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Orange & Free: sharing mobile networks

on Friday, 06 March 2020 Posted in Archives Rezopole

Orange & Free: sharing mobile networks

This partnership between Orange and Free - known as the "passive mutualisation agreement" - will last at least five years and aims to share and build together mobile phone masts in rural areas. In other words, the operators would share masts and their operating costs, but each would graft its own radio equipment onto them. The territories concerned are located in a so-called "priority deployment zone" (or PDZ), i.e. rural territories where mobile coverage is poor or insufficient.


In general, this type of agreement allows operators to significantly lower their costs in order to cover sparsely populated and therefore unprofitable areas. However, the stakes here are a little different for Orange.

Today, any operator wishing to deploy a new tower in the ZDP is faced with a "prior consultation obligation". He must warn his rivals to find out if they are interested in sharing the site. This obligation appeared in January 2018 during the New Deal in order to put an end to the "white" and "grey" zones. But at the time, this provision was unacceptable for Orange, which considered it ruined all these efforts to differentiate the ZDP.


The Arcep then reviewed its copy and proposed that if an operator made an offer to one of its rivals for passive pooling in ZDPs that it considered reasonable, then the obligation of prior consultation could be waived. Orange therefore asked the regulator to lift this obligation. Free made the same request, but only for sites that would be co-constructed with Orange.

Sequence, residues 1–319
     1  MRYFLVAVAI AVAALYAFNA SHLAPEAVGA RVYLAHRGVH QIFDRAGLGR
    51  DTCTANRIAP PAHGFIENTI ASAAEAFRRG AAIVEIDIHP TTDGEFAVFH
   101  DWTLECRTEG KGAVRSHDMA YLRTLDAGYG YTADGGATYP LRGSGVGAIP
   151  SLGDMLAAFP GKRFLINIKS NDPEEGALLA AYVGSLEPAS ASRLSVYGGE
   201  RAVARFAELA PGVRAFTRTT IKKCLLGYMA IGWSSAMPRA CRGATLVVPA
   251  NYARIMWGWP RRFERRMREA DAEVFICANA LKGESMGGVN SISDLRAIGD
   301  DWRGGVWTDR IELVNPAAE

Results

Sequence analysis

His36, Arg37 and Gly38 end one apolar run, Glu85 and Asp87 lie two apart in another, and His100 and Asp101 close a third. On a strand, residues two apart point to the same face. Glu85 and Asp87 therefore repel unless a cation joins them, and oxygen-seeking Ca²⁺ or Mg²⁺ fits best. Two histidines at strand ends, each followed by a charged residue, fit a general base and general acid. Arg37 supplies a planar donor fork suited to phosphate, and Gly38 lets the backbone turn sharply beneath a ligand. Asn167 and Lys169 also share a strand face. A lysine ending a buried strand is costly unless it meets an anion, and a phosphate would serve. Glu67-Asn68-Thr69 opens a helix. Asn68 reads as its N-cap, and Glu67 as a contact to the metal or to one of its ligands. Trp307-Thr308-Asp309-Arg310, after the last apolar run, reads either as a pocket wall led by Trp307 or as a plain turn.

For its part, the Arcep has launched a public consultation to gather the sector's opinion on this subject but also concerning a possible removal, for all players, of this obligation.


The question of the pooling of mobile infrastructures has become eminently strategic for operators with the arrival of 5G next summer. SFR and Bouygues Telecom have long shared a large part of their mobile infrastructures in less densely populated areas. A similar agreement between Orange and Free would enable them to be more competitive. This is particularly true for Xavier Niel's operator, which is forced to make greater efforts to improve its national coverage.




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Source : La Tribune





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